Shasta Nelson: I do! Healthy relationships are the most important health issue of our times— physically, emotionally, mentally, and spiritually. Loneliness is strongly correlated to cognitive decline, increased stress, a weakened immune system, unhappiness, and a shorter life. When we are in healthy relationships with others we are truly healthier and happier. Plus, as I teach in my new book, our relationships are where we do most of our personal and spiritual growth so they are not only the method for greater health and vitality but also the vehicle for greater maturity and peace. For example, you can read a book on boundaries or listen to a sermon on forgiveness— but it’s only in our relationships where we get to practice those life growing habits. Our friendships are like the health clubs of our souls!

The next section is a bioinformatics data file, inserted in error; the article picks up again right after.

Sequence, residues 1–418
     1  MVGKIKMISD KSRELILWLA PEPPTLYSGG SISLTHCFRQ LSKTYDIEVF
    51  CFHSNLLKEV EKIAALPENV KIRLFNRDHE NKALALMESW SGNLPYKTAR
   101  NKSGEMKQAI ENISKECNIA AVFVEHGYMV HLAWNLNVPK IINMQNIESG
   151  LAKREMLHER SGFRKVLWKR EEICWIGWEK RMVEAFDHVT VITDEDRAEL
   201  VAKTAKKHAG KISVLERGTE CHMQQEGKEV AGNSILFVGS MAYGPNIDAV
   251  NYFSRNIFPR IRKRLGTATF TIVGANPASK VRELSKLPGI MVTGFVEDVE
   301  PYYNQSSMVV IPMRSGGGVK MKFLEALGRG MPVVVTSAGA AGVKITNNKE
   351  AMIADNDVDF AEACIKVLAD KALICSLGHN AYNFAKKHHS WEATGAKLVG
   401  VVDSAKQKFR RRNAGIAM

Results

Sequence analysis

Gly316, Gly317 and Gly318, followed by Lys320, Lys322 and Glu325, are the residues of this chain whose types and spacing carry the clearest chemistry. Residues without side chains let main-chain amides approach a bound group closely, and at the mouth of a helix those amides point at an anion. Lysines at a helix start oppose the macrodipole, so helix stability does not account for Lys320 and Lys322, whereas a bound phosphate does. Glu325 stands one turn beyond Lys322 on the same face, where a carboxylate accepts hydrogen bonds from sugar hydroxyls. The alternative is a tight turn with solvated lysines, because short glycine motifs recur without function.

Lauroly Q- What a great term! Health clubs for our souls. I loved your title for the book too too. Wouldn’t it be wonderful if more of us used your term “Frientimacy’ rather than ‘Frenemy’. Frenemy is such a cynical term and really says something about how our society is giving into superficial relationships and connections. Yes, we do have to get along with people we don’t like in the real world, but we don’t need to collect them as friends. Your quote in the book “Most of our loneliness isn’t from not knowing enough people, but from not feeling close enough to a few” is so profound. It gets right to the heart of intimacy gone missing in our friendships. You share in the book the idea that our culture isn’t really conducive to developing good friendships that would foster intimacy. Sounds disheartening, but that’s why your book and personal mission is so very important! Expand a little on our cultural challenges and how they can create what you call intimacy gaps in our friendships…